Significance of Fractures and Veins in the Basalt at Site U1431 and U1433, International Ocean Discovery Program Expedition 349, South China Sea
Wednesday, 17 December 2014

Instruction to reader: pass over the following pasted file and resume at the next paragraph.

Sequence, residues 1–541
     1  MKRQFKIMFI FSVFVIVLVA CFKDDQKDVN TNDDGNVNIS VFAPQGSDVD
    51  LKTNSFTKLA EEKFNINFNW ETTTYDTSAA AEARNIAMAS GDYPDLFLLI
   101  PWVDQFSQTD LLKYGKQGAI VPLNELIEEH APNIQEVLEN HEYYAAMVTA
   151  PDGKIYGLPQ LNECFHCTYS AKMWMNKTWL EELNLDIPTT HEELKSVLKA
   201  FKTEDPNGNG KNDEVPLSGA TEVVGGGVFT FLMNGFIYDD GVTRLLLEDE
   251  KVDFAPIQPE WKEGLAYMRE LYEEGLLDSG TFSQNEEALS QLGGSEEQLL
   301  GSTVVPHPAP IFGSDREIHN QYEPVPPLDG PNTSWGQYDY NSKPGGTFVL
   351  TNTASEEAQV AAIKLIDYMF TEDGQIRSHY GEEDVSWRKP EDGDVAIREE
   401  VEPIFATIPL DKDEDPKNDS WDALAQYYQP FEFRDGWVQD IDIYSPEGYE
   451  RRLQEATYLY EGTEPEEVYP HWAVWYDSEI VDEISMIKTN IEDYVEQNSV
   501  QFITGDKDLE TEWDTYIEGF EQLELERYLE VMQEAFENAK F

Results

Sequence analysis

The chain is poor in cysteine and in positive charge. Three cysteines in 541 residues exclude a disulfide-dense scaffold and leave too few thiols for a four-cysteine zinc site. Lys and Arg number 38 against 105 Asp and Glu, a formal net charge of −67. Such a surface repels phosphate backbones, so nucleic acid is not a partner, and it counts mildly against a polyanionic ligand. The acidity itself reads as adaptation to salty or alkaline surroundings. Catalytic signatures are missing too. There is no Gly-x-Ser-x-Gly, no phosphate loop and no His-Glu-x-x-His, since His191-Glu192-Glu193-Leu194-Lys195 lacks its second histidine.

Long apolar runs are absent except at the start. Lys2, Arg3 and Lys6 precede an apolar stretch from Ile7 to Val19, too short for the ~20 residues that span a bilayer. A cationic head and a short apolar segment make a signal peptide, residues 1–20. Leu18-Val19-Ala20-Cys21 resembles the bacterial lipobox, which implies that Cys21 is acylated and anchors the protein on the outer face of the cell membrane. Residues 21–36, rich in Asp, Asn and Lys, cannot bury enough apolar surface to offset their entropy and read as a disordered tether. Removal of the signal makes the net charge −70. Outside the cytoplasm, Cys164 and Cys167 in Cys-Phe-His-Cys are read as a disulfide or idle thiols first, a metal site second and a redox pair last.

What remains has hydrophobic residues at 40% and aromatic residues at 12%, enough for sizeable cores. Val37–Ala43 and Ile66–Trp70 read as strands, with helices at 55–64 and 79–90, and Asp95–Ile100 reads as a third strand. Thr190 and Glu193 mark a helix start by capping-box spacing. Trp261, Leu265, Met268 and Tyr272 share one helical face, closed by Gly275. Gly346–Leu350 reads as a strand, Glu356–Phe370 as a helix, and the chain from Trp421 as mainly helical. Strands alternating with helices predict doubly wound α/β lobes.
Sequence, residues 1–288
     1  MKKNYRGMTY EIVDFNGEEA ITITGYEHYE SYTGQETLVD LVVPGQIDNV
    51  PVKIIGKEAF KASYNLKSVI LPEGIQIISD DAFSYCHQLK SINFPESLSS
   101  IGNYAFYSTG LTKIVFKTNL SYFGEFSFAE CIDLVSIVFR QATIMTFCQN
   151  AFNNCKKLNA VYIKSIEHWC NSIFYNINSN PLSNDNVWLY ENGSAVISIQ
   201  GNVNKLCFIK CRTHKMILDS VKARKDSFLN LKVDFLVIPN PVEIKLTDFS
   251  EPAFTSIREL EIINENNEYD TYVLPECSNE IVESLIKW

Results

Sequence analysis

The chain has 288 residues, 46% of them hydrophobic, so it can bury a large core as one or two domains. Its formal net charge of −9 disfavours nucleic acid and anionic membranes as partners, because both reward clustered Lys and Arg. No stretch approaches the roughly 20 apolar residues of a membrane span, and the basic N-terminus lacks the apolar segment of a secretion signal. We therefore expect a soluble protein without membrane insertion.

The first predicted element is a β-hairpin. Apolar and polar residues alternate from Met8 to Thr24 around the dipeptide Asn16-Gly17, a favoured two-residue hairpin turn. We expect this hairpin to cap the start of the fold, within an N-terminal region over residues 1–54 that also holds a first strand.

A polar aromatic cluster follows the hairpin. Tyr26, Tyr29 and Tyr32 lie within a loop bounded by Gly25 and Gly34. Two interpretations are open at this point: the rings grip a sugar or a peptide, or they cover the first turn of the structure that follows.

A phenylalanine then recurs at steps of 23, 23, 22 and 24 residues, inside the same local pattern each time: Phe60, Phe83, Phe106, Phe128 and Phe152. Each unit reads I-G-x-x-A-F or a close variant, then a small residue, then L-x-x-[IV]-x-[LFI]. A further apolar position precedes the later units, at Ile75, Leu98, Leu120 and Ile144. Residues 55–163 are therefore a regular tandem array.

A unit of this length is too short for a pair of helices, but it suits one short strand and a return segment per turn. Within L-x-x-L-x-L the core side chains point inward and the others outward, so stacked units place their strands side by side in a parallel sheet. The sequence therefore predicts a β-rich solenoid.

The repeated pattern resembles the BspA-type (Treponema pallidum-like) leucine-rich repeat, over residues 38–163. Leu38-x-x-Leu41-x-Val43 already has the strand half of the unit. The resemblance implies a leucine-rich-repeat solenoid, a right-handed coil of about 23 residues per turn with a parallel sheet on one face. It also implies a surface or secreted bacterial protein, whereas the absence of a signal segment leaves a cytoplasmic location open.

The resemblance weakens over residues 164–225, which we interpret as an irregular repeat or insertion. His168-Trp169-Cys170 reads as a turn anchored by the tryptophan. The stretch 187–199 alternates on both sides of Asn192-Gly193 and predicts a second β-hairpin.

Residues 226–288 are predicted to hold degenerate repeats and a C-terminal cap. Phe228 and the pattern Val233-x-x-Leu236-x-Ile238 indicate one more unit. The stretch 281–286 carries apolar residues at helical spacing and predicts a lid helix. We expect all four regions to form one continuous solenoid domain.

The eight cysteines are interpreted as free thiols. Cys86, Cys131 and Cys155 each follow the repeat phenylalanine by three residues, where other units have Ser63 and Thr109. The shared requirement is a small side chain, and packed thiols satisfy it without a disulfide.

During International Ocean Discovery Program (IODP) Expedition 349, we successfully cored basalts along the central relict spreading ridge, in both the East Subbasin at Site U1431 and the Southwest Subbasin at Sites U1433 and U1434. Due to low recovery (<20%), Site U1434 provides little opportunity to analyze fractures and veins; however, we carefully described and analyzed fractures and veins at Sites U1431 and U1433. Several hundred fractures and veins were observed and we measured ~75% of those, whereas the other ~25% are either irregular or in small branches and thus could not be measured easily. Most of the fractures and veins have no obvious lateral offset or striations on the fractured surface. The veins are generally infilled fractures, whereas many fractures are reactivated along preexisting veins. Thus, the total number of fractures and veins can be used as an indicator of the degree of rock fragmentation. Shapes and contact relationships suggest that most of the fractures and veins resulted from cooling effects. Comparison between fracture and vein frequency with lithology indicates that high fragmentation occurs in the pillow basalt, whereas low fragmentation corresponds to massive flow basalt at Site U1433. At Site U1431, the relationship is similar, but more complicated. The frequency of fractures and veins at Site U1431 is almost double that of Site U1433. The basalt is also more altered at Site U1431 than U1433. These results provide constraints on investigation of the rock fragmentation and alteration processes of basaltic basement of the South China Sea.